Niagara-on-the-Lake, CAN: Food Truck Turnaround

Food truck turnaround File photo Hundreds flocked to Peller Estate Winery's Food Truck Eats event last May.

By Melinda Cheevers  |  Niagara This Week

Food truck turnaround File photo Hundreds flocked to Peller Estate Winery's Food Truck Eats event last May.
Food truck turnaround
File photo
Hundreds flocked to Peller Estate Winery’s Food Truck Eats event last May.

NIAGARA-ON-THE-LAKE – What a difference six months can make.

At a public meeting held inside council chambers on Monday night, the public came together to show an outpouring of support for the gourmet food truck industry and its presence here in Niagara-on-the-Lake. Residents, wineries, and even restaurants spoke one after another about the positive impact gourmet food trucks have on the area’s culinary scene.

It was a different scene from the last public meeting, held at the Community Centre in May, where there were divisive comments from restaurant owners and food truck supporters.

“Earlier this year, I was very negative,” admitted Olde Angel Inn owner Barry Williams on Monday, noting he was representing 55-60 retailers and business owners from the heritage district. “From our perspective, our main concern with food trucks was that they would be the advent of trucks in general.”

Williams admitted the group did hire legal representation and any input they had for the town in reference to staff’s report on food trucks has been presented. Their concern, he said, was not to say food trucks were bad business and not to ban them from town, but rather to protect their business interests.

“I do think there is room for food trucks, but hopefully there’s room for the Inn too, because I can’t move it,” he said, to laughter in the crowd.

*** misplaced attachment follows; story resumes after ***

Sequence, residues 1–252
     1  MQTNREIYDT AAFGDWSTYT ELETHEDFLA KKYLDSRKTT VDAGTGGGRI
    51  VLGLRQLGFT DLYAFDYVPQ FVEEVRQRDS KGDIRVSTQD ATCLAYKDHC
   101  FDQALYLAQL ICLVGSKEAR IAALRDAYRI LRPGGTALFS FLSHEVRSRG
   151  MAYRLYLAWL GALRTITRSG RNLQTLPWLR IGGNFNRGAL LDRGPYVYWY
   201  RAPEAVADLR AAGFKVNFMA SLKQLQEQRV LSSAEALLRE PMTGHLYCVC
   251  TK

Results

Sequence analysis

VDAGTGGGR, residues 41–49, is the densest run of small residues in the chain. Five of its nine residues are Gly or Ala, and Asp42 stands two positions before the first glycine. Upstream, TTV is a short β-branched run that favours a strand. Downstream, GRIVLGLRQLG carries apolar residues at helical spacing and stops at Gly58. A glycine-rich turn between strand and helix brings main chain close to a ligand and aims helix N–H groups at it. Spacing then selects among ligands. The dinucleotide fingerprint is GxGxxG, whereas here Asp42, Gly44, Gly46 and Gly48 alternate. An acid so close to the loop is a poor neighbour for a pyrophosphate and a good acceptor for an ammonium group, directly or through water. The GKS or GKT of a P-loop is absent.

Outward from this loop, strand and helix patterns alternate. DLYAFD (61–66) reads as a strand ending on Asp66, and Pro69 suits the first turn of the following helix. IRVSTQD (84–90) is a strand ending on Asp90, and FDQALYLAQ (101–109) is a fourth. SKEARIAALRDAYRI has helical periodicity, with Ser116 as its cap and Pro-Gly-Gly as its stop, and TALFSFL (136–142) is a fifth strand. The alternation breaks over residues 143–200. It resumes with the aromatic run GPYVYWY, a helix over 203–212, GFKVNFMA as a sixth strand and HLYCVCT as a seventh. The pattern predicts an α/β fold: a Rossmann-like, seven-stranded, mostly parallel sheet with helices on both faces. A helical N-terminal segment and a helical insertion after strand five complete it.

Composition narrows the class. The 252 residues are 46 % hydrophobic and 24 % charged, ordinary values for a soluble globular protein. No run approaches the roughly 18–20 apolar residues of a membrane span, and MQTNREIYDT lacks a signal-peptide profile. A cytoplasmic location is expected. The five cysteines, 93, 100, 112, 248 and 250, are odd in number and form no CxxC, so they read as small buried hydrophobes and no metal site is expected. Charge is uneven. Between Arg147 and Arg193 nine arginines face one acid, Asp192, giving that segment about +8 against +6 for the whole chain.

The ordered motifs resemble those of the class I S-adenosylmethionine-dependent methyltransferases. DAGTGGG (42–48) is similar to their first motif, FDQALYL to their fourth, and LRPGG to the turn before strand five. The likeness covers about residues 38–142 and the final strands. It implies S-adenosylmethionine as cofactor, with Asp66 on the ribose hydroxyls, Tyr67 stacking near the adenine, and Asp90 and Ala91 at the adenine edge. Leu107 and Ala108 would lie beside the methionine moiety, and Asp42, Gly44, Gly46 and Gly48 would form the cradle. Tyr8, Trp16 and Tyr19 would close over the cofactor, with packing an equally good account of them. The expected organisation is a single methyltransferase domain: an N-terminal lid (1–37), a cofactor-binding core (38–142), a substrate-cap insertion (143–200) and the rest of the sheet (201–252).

Resident JoAnne Wang said there’s definitely room for both. While she frequently visits food trucks in the area, she said that she and her husband are also regulars at several local restaurants.

“Gourmet food trucks simply offer another dining alternative in the area,” she said, adding she’ll continue to spend her money at both. “They’re not competing for my dollar.”

Wang added that while food trucks add an interest and vibrancy to the area, she gets really excited when food trucks and restaurants work side by side.

That collaboration occurs each week at the SupperMarket, said John Hawley, the property owner in Garrison Village that plays host to the Saturday morning farmers’ market and Wednesday evening SupperMarket in the summer months. Local restaurants like The Garrison House and Ravine Vineyard serve up tasty fare alongside gourmet food trucks like El Gastronomo Vagabundo and The Yellow Pear, as well as pop-up food providers like Eh Jose Authentic Mexican Food and Lovin’ From the Oven. The evening event has become a popular community gathering place, Hawley said.

“We get the whole community coming out and now people are coming from outside of the community too; it’s becoming a community calling card,” he said, noting that when he travels he likes to go to “where the locals go” and this event is drawing similar types. “It’s becoming the place where the community gathers on Wednesday night.”

Garrison Village Residents Association president Doug Widdicombe said over the summer he receives hundreds of emails but so far only one has been negative toward the food market. It was a parking issue, he noted, and steps were taken to rectify the situation.